Definition:Universal Affirmative/Set Theory

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The universal affirmative $\forall x: S \left({x}\right) \implies P \left({x}\right)$ can be expressed in set language as:

$\left\{{x: S \left({x}\right)}\right\} \subseteq \left\{{x: P \left({x}\right)}\right\}$

or, more compactly:

$S \subseteq P$

Also defined as

Some sources give this rule as:

$S \cap \complement \left({P}\right) = \varnothing$

where $\complement \left({P}\right)$ denotes the complement of $P$:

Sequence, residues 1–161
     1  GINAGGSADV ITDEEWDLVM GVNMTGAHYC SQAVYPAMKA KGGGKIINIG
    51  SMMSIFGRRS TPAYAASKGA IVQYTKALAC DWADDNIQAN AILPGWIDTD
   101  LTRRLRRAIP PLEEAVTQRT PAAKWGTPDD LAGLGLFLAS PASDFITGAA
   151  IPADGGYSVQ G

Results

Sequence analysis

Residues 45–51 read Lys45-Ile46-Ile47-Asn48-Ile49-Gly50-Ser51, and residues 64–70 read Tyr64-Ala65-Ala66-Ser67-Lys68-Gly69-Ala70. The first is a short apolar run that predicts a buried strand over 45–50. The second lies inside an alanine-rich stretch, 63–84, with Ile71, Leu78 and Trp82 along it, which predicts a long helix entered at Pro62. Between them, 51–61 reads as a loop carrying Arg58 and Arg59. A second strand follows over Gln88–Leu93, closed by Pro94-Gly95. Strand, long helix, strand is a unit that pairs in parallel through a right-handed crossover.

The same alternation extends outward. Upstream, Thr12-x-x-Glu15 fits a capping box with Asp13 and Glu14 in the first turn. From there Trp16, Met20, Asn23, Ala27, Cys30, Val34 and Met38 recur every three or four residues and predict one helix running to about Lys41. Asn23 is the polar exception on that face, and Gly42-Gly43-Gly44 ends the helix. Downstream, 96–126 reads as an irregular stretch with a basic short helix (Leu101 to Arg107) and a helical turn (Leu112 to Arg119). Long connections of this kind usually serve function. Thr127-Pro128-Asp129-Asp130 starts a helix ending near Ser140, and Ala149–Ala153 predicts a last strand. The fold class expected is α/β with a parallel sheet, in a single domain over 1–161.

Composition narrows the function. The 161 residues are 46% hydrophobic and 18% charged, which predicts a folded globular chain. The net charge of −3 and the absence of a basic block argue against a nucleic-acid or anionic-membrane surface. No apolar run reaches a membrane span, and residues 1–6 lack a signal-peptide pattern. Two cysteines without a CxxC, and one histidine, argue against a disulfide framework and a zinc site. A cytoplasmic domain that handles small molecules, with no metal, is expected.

There are no objects which are $S$ which are not also $P$.

This is justified from Intersection with Complement is Empty iff Subset.

The advantage to this approach is that it allows the complete set of categorical statements to be be defined using a combination of set intersection and set complement operators.

Also see